Eric Javoy: It is like asking ourselves this fundamental question: how far can we go in decentralization? How far can we create learning territories? I think the challenge is to design educational territories that are smaller, where the role of each actor (the school principal, the inspector, the parent) is more clearly identified, and that offer collaborative work fora.

A learning territory is a territory that allows the institution to develop innovative projects, and that encourages sharing and spin-offs between institutions in the same territory. It is a territory marked by a horizontal dynamic of sharing projects and transferring skills. Developing learning territories requires intensifying exchanges between educational actors, bringing more horizontality and porosity, to promote the development of the student. The challenge of our management is to make the actors work together inside and outside the school, to face problems such as in priority education areas, which the school alone cannot solve.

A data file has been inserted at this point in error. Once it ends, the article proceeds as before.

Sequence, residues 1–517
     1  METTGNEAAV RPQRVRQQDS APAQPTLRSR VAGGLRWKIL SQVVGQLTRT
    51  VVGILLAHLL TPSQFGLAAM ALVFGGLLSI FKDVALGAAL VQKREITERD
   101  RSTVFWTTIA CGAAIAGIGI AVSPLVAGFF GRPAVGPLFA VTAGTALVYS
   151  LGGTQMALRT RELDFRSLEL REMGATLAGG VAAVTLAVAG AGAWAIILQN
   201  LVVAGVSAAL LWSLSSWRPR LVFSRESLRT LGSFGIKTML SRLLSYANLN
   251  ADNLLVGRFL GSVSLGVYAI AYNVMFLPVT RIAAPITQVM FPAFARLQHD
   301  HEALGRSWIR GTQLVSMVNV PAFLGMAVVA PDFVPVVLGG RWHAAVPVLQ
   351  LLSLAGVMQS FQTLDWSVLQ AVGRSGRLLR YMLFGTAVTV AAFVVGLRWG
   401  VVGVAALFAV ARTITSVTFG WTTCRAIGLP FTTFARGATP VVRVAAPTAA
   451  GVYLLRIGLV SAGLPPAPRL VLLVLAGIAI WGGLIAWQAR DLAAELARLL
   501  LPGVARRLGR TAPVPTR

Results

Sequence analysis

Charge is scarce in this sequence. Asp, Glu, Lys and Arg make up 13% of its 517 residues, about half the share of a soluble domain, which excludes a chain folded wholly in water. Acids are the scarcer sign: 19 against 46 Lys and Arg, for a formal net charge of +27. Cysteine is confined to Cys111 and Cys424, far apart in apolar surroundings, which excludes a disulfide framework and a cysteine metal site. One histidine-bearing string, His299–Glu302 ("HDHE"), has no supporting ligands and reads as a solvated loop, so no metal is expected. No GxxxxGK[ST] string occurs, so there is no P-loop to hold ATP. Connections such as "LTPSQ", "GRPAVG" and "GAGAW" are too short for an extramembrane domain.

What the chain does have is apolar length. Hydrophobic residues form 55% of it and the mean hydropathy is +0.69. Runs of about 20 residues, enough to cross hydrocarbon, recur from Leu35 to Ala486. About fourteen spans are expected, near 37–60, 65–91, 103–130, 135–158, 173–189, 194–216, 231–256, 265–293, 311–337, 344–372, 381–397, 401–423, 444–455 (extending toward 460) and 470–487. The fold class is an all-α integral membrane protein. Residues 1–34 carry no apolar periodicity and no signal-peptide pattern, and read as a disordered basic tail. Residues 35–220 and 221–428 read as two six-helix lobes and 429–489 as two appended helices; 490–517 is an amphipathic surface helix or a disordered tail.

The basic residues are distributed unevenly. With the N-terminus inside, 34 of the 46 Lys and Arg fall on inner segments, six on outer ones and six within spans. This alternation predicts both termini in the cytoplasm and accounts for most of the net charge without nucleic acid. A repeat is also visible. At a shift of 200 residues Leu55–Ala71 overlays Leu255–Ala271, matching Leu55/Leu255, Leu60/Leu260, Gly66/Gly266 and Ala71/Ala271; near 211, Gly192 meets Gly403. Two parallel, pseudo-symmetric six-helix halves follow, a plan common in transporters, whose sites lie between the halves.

Regarding priority education areas, collaboration between institutions and municipalities is really essential. For the time being, priority education projects are initiated within schools, as part of educational projects, and elected officials are subsequently involved for their financial support.  We would like, for some sectors, that pedagogy be shared, but the culture of our system is difficult to change, and the idea persists among teachers that the municipality has only a financial responsibility in educational projects.